Tuesday, February 24, 2009

The World´s Most Boring Road... Ruta 3 to Mar del Plata: Feb 22 - 24

I left Calafate early to avoid the Patagonian winds, and fortunately was successful. The paved road heads southeast to Rio Gallegos, then back up Ruta 3 along the Atlantic coast. However, there is a 200 mile dirt road that heads east, and I was told by the cops in El Calafate that this would cut off about 3 hours from the trip... so dirt it was. Fortunately, this time the information was correct: about four hours of pretty good dirt track brought me to the atlantic.

Along the way there was... NOTHING! You will find this to be a recurring theme for the next few days. Miles of pampas, interrupted on occasion by extreme monotony. I did see quite a few guanacos along the way, and finally caught site of several flocks of ñandú. These are an ostrich-like bird that is native to the pampas. Unfortunately, they are very shy and very fast, so by the time I got my camera out they were gone. So I´m cheating (truth in advertising) by putting a picture here that I grabbed from the internet so you´ll know what I saw

I won´t bore you with too many details of the next three days... I had enough boredom for all of us. But basically, stare closely at the picture at the right and then multiply it by 2400 kilometers and you´ll have a good idea of this part of the ride. I plugged in my Ipod (thank you Bill Gates), cranked up the music, set the autopilot (at one point there was a stretch going due north for 100 miles without one single curve), and pushed on.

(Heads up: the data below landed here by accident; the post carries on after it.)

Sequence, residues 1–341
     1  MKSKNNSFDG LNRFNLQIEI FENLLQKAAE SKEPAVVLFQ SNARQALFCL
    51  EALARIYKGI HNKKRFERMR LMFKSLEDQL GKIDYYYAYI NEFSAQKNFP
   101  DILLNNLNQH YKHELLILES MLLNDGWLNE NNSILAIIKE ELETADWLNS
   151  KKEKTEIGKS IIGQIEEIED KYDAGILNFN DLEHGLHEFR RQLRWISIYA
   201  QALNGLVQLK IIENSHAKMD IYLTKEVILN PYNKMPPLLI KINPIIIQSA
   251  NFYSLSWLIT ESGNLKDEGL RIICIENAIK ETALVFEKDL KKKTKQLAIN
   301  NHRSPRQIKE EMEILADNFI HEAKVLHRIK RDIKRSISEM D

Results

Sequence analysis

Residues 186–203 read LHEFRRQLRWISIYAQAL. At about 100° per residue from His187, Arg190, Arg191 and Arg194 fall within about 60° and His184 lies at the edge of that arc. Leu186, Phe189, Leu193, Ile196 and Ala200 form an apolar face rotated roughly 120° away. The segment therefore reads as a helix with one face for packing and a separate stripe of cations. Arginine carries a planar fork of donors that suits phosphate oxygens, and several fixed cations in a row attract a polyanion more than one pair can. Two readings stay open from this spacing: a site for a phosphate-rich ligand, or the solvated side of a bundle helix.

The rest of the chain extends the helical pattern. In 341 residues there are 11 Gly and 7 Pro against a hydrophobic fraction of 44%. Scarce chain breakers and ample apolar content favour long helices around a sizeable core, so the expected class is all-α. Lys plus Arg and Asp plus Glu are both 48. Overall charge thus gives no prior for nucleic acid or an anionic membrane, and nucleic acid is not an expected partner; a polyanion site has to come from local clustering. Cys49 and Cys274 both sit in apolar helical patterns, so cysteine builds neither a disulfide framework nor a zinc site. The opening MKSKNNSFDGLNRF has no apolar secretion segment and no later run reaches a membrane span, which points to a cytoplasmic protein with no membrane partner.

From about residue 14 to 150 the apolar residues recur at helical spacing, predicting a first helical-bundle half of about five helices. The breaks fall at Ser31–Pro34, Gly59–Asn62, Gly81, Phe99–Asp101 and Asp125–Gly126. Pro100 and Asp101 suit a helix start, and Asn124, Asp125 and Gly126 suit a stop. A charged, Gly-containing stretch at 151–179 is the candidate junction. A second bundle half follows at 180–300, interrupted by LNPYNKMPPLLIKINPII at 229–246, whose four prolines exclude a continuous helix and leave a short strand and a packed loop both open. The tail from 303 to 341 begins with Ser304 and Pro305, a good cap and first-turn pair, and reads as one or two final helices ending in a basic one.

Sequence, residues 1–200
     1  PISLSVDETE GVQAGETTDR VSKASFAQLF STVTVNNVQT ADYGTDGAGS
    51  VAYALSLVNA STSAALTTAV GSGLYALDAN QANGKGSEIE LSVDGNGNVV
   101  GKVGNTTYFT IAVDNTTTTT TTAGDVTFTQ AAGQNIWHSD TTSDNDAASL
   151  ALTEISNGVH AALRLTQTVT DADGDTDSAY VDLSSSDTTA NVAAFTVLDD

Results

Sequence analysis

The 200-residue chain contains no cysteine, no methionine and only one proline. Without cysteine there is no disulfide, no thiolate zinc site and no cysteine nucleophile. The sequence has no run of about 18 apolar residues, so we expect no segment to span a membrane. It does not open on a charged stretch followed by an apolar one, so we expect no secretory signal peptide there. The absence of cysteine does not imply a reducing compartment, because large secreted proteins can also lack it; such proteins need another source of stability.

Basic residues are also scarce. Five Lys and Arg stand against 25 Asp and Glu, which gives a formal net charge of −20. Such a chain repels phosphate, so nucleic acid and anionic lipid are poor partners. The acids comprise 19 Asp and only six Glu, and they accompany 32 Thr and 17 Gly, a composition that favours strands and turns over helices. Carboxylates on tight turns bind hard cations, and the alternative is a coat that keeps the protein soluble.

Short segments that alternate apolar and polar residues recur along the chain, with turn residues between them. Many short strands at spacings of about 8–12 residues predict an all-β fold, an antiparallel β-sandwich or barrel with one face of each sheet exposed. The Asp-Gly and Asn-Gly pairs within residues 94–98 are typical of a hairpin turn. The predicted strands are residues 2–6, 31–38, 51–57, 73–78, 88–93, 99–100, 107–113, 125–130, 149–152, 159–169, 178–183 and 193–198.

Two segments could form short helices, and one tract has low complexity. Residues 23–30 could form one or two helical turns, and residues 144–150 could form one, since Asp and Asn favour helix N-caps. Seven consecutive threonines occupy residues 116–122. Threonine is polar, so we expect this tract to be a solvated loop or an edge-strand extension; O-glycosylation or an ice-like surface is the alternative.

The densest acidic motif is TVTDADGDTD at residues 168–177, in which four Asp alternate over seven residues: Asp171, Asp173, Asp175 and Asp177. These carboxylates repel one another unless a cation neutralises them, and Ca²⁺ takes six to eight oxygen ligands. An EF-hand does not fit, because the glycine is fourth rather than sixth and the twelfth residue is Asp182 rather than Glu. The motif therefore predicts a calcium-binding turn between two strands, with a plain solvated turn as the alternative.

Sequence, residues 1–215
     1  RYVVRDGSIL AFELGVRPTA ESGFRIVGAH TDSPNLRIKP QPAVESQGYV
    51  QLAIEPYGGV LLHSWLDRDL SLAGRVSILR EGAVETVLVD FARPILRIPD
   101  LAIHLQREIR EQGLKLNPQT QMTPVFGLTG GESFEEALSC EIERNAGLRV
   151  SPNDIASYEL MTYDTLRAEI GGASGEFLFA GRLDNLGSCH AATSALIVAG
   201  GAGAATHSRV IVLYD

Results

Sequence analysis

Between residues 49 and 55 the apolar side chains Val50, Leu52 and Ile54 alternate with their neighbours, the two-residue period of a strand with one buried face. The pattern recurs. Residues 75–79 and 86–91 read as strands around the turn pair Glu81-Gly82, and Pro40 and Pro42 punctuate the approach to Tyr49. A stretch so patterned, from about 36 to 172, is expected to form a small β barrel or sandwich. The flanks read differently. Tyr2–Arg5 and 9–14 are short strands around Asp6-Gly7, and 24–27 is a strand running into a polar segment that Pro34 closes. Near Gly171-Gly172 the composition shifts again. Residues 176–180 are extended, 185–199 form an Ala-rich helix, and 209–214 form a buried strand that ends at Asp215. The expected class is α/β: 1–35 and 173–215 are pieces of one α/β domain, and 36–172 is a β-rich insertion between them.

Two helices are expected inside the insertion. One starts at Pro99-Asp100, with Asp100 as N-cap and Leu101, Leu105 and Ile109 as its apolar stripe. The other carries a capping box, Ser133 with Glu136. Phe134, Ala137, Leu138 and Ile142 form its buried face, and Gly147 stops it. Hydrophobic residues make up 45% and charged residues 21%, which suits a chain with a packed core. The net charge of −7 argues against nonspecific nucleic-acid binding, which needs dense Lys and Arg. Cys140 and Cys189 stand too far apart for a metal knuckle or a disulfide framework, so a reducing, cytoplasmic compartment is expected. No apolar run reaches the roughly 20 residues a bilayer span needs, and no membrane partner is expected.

I stopped the first night in Caleta Olivia, a beach town in the middle of nowhere. The next morning as I was passing through Comodoro Rivadavia I decided to replace my rear tire that was showing a bit too much wear. It only had 3000 miles on it, but the ripio (gravel roads) really tear up the tires.

I found a tire at a Honda shop that would work, but of course they only sell tires... they don´t mount them. That would have been a level of service above and beyond the call of duty. They did however, send me to a tire shop that would mount the tire. However, they wouldn´t take the wheel off of the bike to do it... that would have been a level of service above and beyond the call of duty. So there I spent the morning sitting in the middle of the road removing and reinstalling wheels so that they could change the tire. No proper jack, of course. It didn´t help that I also had a sprained wrist that was bothering me. I have to wonder what someone would do who didn´t know how to do this or have the tools. Ah... customer service at its best.